I never make them do anything boring. It goes against everything I am trying to accomplish. My goals while homeschooling is helping them to love learning and reading books. I never allow my kids to be disrespectful or throw a tantrum. If they don't like something they simply ask respectfully to learn the same material differently. My son last week had a workbook page out of his dictionary workbook. Usually they have creative puzzles that he enjoys. One page was just filling in a letter that came after a certain letter. I have to admit it was pretty boring. I challenged him to come up with a way to make it more fun. We decided instead of writing the letter down he would draw a picture to stand for the correct letter. It was creative and fun. We even combined English and Art together. I say be flexible while homeschooling but don't ever let them be disrespectful. There are many things my kids are required to do. I don't think learning should ever be forced. Kids learn a whole lot more when they are having fun. There are fun ways to teach everything.
  • usmom3
    by usmom3
    October 10, 2013 at 8:51 PM

     We unschool so everything we do the kids have a say in it! As they get older they see the importance of knowing how to do things to accomplish their goals. When they show interest in learning something I am ready to help them & it only takes a little time. Where as in if I forced them to learn something they have no interest in I could be there for days & they still might not learn it! 

    I have found that my children will help do things that if we told them they had to help do they would fight & argue against it! My DD used to hate to clean her room even with everyone's help but as she has matured she has started to see the benefits of a clean organized room & now cleans her room a few times a month because she want to have a clean room!  A few weeks back my Hubby wanted to clear out a brush pile we had & burn it along with other scrap wood we had in the yard. He also wanted the weeds & over growth around those arias cleaned up, as well as to dig up some trees that had died. We never asked our 8 & 10 y/o to help but when they woke up & saw what we where doing they dressed in outside clothes & grabbed gloves & worked all weekend. They worked as hard as we did, when I asked them why they wanted to help they said that they knew it was something that had to be done & until it was we could not do things as a family! I have no worry's of my children growing up to be selfish & entitled , I believe that weekend they showed more maturity & took on responsibility that most adults would shy away from!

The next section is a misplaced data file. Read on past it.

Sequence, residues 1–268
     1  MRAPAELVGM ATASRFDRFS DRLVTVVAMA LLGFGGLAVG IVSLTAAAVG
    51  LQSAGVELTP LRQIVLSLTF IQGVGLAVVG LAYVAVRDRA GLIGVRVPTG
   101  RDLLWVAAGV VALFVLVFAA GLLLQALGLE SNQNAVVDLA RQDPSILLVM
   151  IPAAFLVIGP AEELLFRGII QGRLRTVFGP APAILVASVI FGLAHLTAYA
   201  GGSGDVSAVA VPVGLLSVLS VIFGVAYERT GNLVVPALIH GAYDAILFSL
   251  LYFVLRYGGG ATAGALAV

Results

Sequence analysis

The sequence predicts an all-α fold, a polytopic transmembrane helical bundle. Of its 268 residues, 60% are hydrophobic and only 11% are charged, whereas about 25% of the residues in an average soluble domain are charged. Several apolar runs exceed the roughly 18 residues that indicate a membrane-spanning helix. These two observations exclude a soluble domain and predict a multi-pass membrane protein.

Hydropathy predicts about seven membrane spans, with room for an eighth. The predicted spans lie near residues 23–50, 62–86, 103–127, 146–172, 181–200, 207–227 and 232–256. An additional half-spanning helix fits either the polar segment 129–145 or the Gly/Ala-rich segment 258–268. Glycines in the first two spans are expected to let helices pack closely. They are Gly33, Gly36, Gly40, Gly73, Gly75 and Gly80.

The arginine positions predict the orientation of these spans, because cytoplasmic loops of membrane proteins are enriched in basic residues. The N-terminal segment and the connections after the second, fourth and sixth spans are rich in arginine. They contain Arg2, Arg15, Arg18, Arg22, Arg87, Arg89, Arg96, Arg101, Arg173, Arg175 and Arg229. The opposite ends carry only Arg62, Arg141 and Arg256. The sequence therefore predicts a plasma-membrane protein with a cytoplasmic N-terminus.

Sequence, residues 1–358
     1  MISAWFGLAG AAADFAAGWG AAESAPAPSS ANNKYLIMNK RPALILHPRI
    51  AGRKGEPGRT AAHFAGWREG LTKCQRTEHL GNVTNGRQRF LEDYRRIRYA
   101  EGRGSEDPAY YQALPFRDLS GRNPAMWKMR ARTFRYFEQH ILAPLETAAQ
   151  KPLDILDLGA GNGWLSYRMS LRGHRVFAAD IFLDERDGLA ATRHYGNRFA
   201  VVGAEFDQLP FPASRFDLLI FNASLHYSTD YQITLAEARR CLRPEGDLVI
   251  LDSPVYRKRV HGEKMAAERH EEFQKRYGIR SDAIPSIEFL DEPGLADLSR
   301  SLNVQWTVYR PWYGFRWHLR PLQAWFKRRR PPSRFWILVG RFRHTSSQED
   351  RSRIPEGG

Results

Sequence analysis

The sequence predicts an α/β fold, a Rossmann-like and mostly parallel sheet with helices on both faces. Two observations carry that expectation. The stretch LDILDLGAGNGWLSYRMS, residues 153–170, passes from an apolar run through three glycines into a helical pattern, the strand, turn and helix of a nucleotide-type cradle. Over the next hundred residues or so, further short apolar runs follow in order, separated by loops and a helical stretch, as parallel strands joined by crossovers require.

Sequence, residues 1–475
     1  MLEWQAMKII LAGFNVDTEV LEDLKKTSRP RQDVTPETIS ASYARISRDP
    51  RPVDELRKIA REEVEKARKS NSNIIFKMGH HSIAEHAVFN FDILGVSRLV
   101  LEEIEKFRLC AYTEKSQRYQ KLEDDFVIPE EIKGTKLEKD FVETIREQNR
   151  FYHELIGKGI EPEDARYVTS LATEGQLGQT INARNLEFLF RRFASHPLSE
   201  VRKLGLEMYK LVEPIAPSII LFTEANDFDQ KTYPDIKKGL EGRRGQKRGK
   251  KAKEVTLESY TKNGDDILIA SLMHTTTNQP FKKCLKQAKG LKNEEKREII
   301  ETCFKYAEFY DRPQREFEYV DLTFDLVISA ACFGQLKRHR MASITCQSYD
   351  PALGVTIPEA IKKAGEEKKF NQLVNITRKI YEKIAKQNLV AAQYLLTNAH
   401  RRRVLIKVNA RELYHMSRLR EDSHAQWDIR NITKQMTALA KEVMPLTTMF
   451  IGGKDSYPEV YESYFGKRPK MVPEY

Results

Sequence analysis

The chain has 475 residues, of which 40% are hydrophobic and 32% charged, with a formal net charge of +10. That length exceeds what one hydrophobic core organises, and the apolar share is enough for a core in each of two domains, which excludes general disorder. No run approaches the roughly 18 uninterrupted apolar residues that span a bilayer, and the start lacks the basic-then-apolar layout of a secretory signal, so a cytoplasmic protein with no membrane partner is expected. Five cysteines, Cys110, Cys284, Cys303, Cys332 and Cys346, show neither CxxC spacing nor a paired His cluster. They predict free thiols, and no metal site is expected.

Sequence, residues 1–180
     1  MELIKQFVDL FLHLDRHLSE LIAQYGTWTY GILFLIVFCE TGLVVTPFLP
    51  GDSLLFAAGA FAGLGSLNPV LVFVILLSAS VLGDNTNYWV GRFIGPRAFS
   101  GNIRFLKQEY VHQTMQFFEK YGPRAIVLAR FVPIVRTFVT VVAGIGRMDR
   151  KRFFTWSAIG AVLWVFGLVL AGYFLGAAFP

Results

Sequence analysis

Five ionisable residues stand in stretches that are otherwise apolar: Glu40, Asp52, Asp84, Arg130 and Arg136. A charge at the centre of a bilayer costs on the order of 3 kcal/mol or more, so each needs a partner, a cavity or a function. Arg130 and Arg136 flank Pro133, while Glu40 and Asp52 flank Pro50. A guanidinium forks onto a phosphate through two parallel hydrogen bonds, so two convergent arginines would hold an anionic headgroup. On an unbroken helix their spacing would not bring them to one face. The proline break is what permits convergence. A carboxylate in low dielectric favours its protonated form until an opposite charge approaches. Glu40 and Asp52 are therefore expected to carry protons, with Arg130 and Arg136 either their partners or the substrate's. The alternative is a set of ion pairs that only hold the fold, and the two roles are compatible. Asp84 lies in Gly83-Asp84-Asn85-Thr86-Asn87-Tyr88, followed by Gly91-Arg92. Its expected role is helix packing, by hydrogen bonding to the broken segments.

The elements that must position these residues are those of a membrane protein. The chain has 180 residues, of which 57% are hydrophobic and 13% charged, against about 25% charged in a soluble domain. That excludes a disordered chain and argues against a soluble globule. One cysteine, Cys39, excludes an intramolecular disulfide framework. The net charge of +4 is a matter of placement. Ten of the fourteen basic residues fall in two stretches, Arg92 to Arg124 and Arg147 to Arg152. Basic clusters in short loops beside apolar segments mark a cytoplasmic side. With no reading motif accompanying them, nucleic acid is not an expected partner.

• Precious333
    October 10, 2013 at 9:04 PM
    Thanks for the reminder. I try and make learning fun and interesting!
  • Knightquester
    October 10, 2013 at 9:19 PM

    I make my kids do work even if they don't like it and as I put it to them they will always have things in life they don't like from housework when they'd rather be doing other things, to work that they are assigned by their boss they'd rather not be doing; that's just part of life.

    Having said that there are times where I can teach or approach the same thing a little differently to where it's more enjoyable and I try to do that if it's possible.  Still, I don't usually toss materials or dumb things down so that it's baby easy for them.

  • KrissyKC
    October 10, 2013 at 10:09 PM

    You are asking two different things, though connected.

    1.   Do you expect your child to do some work that they don't "want to do"?

    Yes.    Our kids are expected to do some stuff that is just plain old work... (school related and general life-related)... We enjoy our school times, but the work has to be followed through on to at least a reasonable (age appropriate) manner.  However, if it's obvious that the approach is interfering with their education rather than strengthening it, obviously you have to find a different approach or lighten the work load in exchange for other things.

    2.  If my child is simply refusing to DO the work in school, is it acceptable to pull him out to teach him at home or would that be teaching him that it's OK to not do your work?

    This one is tougher to answer, because I see both sides.   However, I would have to go with my first thought.   The whole point to schooling is education, if it's not working for your child, why keep using that same approach?  He is at an age you can discuss the expectations, though, involved in bringing him home.   Share with him the rewards and your own excitement at having him home and learning with you, yet let him know there will be consequences to refusing to do the writing and "work" side of schooling...and these consequences should be consistent whether you bring him home or not.